The 19 Best Environmentalists in South Florida

Panagioti Tsolkas: Today, everyone thinks of Lake Worth as a funky beachside city that harbors a bunch of radicals (like former Mayor Cara Jennings, the woman who yelled at Rick Scott in Starbucks this month). But the city was once a boring enclave for grannies and workaday folks. Tsolkas brought with him a lively spirit of environmental activism that had only been seen in hippie meccas like Berkeley. To protest the building of a new condo in Lake Worth, he sat atop a 25-foot-tall tripod and blocked traffic on Dixie Highway. He was protecting the Briger Forest before most of knew there was a forest in Palm Beach Gardens. These days, his civil disobedience has taken a backseat to running publications Prison Legal News and the Earth First Journal, but the mischievous and friendly character has inspired a spirit of activism that lives on. Read more about some of his greatest hits here. 

Beam Furr: At the beginning of 2016, environmentalists were starting to get that familiar feeling of disappointment in the pits of their stomachs when it looked like the state Legislature was going to pass a bill to prevent municipalities from regulating fracking. The Broward County Commission moved to do what it could by voting to ban the practice first. "This is about protecting our water supply and environment," said Furr, the commissioner from Hollywood who introduced the ordinance. Lo and behold, the sponsor of the state bill withdrew it from consideration. Even hardcore environmentalist Matthew Schwartz gives credit to Furr, saying the Broward commission's vote "sent a strong message to Tallahassee." In addition to having an awesome name and being a librarian, Furr is known by his fellow commissioners as the "King of Garbage" for his obsession with finding solutions to solid waste problems. Also, his yard is a certified wildlife habitat full of butterflies.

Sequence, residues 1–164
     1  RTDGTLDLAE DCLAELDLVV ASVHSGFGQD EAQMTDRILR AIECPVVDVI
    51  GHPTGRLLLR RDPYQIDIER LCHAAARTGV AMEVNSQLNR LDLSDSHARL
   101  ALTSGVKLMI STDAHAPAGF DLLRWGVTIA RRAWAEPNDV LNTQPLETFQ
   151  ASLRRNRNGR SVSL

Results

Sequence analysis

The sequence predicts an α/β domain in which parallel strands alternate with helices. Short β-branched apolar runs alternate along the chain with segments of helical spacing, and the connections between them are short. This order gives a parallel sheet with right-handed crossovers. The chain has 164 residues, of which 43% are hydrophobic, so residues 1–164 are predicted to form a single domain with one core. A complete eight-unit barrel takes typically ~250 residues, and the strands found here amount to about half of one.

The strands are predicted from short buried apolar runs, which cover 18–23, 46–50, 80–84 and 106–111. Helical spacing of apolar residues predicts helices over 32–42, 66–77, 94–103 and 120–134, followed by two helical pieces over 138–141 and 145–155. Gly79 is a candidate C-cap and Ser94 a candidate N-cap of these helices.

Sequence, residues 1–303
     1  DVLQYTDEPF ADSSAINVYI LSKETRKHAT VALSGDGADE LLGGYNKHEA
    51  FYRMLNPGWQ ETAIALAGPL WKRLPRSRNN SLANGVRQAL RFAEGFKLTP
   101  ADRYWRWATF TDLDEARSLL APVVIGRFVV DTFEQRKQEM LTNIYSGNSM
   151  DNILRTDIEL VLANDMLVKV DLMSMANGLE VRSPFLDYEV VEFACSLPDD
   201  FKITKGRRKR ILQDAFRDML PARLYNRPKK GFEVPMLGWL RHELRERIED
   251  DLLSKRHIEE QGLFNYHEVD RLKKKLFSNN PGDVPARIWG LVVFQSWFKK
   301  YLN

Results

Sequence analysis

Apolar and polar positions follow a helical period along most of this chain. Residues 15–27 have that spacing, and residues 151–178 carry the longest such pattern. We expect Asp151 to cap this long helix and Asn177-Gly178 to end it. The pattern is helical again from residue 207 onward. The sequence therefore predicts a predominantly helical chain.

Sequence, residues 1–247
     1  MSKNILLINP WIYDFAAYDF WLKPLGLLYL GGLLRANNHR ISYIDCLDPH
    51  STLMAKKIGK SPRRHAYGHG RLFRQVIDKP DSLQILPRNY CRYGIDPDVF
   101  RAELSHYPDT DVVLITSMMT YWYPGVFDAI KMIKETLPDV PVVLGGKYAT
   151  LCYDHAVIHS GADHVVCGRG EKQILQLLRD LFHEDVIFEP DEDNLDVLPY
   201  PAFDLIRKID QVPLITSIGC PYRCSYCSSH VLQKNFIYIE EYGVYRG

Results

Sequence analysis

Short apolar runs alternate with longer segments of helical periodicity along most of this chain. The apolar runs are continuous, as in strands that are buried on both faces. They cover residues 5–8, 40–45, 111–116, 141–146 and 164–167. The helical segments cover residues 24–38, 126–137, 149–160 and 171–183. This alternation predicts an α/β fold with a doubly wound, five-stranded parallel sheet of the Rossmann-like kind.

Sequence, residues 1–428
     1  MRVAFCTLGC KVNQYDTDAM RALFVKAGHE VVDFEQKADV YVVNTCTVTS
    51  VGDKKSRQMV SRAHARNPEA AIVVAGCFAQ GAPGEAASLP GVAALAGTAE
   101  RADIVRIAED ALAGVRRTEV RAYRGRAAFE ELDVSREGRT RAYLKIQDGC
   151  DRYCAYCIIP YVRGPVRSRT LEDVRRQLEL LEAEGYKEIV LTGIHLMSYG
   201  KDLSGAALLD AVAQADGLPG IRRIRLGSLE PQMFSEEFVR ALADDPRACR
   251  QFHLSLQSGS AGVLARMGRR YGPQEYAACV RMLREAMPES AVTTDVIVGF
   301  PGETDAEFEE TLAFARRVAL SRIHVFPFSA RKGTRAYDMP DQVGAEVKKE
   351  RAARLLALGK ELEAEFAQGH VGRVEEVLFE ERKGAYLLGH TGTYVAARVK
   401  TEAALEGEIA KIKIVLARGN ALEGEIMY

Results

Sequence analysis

David Shiffman:By combining a love for marine science with a deftness on social media, this PhD student and blogger inspires a love for learning about the environment. His Twitter handle @WhySharksMatter, has more than 25,000 followers. He will answer any question, argue any point, debunk any stupid petition, share pics of Hammerhead eyeballs, invite people shark-tagging, and tell science jokes. The man live-tweeted his thesis defense.  

Kim Porter:This diver and underwater photographer has taken it upon herself and her GoPro to call attention to the condition of coral reefs off the Broward County shores — treasures hidden in plain sight. The beach widening projects that so many property owners called for are actually harming the reefs, she says. "Last year," she told New Times, "I held a protest in the form of a 'funeral' for the inner reef system. [Recently], I did one at Lauderdale-by-the-Sea... Nobody even realizes there's a reef out there. They think the reef stops at the Keys. They see a dump truck [bringing sand] and they say, 'Yay, we'll have new, beautiful beaches!' I don't."